For Value Investing, Bittersweet Success

By Chet Currier
Bloomberg News
Sunday, November 12, 2006

Will success ruin value investing?

It's a spoilsport question to raise, smack in the middle of a golden age for the army of bargain-minded investors who march under the "value" banner.

But someone has to ask it. With value-stock mutual funds trouncing their growth-fund counterparts for a seventh straight year here in the waning weeks of 2006, the issue can't be avoided much longer: At what point do value stocks and value funds get so fat and happy they don't represent "value" anymore?

The first principle of value investing is to shun what is popular and buy what is overlooked and out of favor. So when value investing itself becomes the height of popularity, presumably it must be subjected to the same kind of hard-eyed reappraisal.

Sure enough, that has begun to happen in various corners of the investment world. And, though it is giving away the ending to say so, value investing so far has stood up quite well to the scrutiny.

Value investing is not some passing fancy. But the phrase may mean something quite different nowadays. Today's value manager is just as likely to be buying a computer or a health-care stock as a metals or paper manufacturer.

See Warren Buffett at Berkshire Hathaway Inc., the paragon of value investors, snapping up shares of drugmaker Johnson & Johnson. See value managers like Southeastern Asset Management Inc. in Memphis and Harris Associates LP in Chicago loading up on the stock of computer-maker Dell Inc.

It appears that yesterday's growth stocks may be today's value stocks, and vice versa. But no matter which category you aim to invest in, you're dealing with a moving target.

Value managers face an increasing challenge in the coming years: As more people glorify the idea of value investing and try to practice its principles, the harder it may become to find value opportunities that are truly worthy of the name.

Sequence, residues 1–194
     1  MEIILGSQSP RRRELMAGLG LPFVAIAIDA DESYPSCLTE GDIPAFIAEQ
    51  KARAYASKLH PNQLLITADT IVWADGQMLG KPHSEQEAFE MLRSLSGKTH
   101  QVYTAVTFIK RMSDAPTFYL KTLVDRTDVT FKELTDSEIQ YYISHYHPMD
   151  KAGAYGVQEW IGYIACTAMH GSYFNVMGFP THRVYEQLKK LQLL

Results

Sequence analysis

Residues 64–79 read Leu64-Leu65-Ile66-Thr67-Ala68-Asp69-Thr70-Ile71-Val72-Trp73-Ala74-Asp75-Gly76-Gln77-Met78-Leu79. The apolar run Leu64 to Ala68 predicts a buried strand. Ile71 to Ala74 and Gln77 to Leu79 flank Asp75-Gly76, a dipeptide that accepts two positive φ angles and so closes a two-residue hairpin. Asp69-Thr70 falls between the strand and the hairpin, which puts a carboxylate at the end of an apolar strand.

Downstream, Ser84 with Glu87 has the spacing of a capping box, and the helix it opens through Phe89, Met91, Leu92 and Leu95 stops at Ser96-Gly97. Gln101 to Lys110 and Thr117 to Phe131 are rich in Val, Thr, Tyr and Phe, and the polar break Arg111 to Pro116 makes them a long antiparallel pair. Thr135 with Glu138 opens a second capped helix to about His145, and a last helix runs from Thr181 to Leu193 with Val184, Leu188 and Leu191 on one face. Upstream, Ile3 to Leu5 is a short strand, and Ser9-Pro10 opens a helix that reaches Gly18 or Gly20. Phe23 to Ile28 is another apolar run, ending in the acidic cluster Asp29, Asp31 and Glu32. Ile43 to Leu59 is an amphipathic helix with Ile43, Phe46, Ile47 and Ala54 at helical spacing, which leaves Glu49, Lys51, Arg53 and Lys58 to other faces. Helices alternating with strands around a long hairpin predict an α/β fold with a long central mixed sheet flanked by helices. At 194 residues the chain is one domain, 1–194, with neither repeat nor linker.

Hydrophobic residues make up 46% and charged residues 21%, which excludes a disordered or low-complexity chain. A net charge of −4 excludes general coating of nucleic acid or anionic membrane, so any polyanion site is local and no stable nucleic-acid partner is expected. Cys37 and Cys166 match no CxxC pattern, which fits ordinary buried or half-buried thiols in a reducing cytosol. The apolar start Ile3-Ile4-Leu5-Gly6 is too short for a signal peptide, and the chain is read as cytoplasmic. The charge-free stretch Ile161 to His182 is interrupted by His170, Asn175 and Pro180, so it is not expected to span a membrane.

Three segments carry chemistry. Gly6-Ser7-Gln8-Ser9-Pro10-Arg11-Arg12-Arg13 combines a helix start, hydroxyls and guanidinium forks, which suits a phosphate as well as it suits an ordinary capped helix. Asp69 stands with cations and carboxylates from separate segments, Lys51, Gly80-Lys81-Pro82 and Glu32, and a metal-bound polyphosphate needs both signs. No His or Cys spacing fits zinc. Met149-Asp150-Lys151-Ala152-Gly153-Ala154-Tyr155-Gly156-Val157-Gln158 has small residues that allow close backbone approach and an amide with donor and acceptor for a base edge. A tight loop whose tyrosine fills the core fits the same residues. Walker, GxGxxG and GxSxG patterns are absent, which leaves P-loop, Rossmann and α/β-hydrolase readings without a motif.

The hard facts are these: From the end of the 1990s through the first 10 months of 2006, the Vanguard Value Index Fund, a standard-bearer of value investing, gained 5.2 percent a year. Over the same stretch, its opposite number, the Vanguard Growth Index Fund, lost 3.6 percent a year.

In 2006 through the end of October, Value Index has climbed 15 percent, Growth Index a measly 4.6 percent.

This tends to corroborate the observation of Jeremy Grantham, chairman of the Boston-based money manager GMO LLC, that value stocks enjoy a natural advantage. Investors, he says, naturally tend to overpay for "exciting" growth companies as opposed to "boring, struggling or sub-average" value stocks.

But Grantham also observes in the same commentary that "90 percent of what passes for brilliance or incompetence in investing is the ebb and flow of investment style." And, he adds, "Since opportunities by style regress, past performance tends to be negatively correlated with future relative performance."

Regression to the mean is a favorite subject of many value managers. In financial markets, nothing stays hot forever. And after seven strong years in a row, value investing would seem to be a prime candidate to feel some regressionary pressures.

So where does that leave us? I've argued both sides of the question -- that value investing is forever, but that it also may be due for a disappointing year or two.

Well, that's what happens in markets. Strong opposing forces, trends and ideas collide. Value investing stands every chance to prove its enduring worth in the years ahead. But probably not without a struggle.


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